As State Representative, I will fight to attract investment from STEM industry companies so as to provide solid, middle and upper-middle class employment opportunities for our families. Our other choice would be to rely upon service jobs in our communities and require others to have as much as one-hour commutes to work. Those two hours a day driving means we have two hours less to spend with our families. Attracting STEM jobs to our district makes good economic sense, and it makes good sense for our families.

  • The northwest valley was particularly hard hit by the great recession
  • Our region is dotted with bedroom communities and lacks a robust tax base of commercial industry
  • Currently, 90% of the residents of Peoria and Surprise drive out of the west valley for work every day, taking their sales and gas tax dollars with them
  • Greater investment of STEM industries to Northwest Valley
  • Continue expansion of transportation opportunities

Health Care



My aunt and uncle enjoyed a loving marriage for many years. Then, they faced a nightmare through no fault of their own. A nightmare that could happen to anyone. My uncle suffered a stroke, and then, they faced his diagnosis of Alzheimer’s. Due to unsurmountable medical costs, they lost their business, their home, and any savings they had remaining. A lifetime of financial security gone because our country failed to provide them with affordable health care. To make matters worse, they divorced because as a single insurance costs lowered for my uncle. Not only did medical costs tear apart their finances, it tore apart their marriage. Although their love stood the test of time, the government no longer recognized them as husband and wife.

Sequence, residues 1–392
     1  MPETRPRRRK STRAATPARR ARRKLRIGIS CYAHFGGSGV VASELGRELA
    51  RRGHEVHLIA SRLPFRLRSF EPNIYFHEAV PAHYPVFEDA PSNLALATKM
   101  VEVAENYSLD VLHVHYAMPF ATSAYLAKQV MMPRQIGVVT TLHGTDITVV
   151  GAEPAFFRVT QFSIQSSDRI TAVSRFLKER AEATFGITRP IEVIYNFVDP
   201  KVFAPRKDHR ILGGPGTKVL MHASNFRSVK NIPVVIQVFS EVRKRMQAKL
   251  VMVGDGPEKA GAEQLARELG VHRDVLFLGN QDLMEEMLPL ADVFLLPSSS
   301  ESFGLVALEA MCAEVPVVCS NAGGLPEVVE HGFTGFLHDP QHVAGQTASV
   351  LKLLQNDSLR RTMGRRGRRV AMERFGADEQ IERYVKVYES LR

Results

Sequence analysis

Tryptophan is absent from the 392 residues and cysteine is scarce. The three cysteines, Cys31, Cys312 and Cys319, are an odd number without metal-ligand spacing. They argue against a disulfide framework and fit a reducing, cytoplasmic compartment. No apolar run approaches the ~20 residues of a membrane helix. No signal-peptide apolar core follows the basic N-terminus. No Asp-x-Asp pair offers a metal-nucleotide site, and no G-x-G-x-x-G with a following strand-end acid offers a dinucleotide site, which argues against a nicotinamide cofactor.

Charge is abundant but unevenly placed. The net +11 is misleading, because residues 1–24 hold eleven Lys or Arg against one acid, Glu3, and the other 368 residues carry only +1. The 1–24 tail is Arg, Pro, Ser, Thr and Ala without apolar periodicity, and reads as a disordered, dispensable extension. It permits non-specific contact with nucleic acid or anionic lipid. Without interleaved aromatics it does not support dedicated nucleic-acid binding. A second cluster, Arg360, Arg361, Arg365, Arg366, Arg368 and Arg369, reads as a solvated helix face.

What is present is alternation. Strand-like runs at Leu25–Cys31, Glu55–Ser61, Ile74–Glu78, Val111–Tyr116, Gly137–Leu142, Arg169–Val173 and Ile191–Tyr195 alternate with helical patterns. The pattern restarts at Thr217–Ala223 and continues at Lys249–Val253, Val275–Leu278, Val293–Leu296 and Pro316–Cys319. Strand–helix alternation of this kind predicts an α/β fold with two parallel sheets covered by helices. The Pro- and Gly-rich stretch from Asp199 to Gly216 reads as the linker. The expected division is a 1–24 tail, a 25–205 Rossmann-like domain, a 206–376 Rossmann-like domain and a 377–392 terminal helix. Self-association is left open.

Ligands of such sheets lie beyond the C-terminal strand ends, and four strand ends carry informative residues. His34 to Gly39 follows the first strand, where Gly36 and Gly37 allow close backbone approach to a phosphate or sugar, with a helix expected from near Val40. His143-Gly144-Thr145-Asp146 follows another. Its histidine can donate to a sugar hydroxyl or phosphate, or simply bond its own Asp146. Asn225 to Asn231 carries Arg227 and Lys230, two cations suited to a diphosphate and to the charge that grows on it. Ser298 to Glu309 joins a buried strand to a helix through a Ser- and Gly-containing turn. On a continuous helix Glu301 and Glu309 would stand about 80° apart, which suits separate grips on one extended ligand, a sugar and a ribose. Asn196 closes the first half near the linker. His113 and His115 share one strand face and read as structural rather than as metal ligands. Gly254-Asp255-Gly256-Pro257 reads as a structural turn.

Since then, the Affordable Care Act has passed providing affordable health care for many Americans. I recognize some policy measures should be made to ensure affordability for all and not place undue burdens on small business owners, for example. However, to completely tear down the ACA could cause others to face the same horrors my aunt and uncle faced. Political rhetoric and polarization has robbed the public of common sense policy. Rather than play political volleyball with an important issue such as health care, we should rid ourselves of partisanship and work for the public good. Our lives should not represent political points for elected officials.

The ongoing debate over health care and the resulting policy will greatly affect our health care, our personal finances, and perhaps even our marriages. We have a choice. I do not believe our health should be a partisan debate where politicians attempt to find ways to score points. The stakes remain too high. Rather, common sense must prevail to protect the health and well being of our families. We must compromise to pass public policy that ensures we all have the fundamental right of quality, affordable health care.

  • Ensure everyone receives quality, affordable health care despite what happens at national level
  • Expansion of KidsCARE
  • Protection of AHCCCS
  • Provide financial incentives for greater medical community investment
  • Defend Planned Parenthood as a primary health care provider for many Arizonans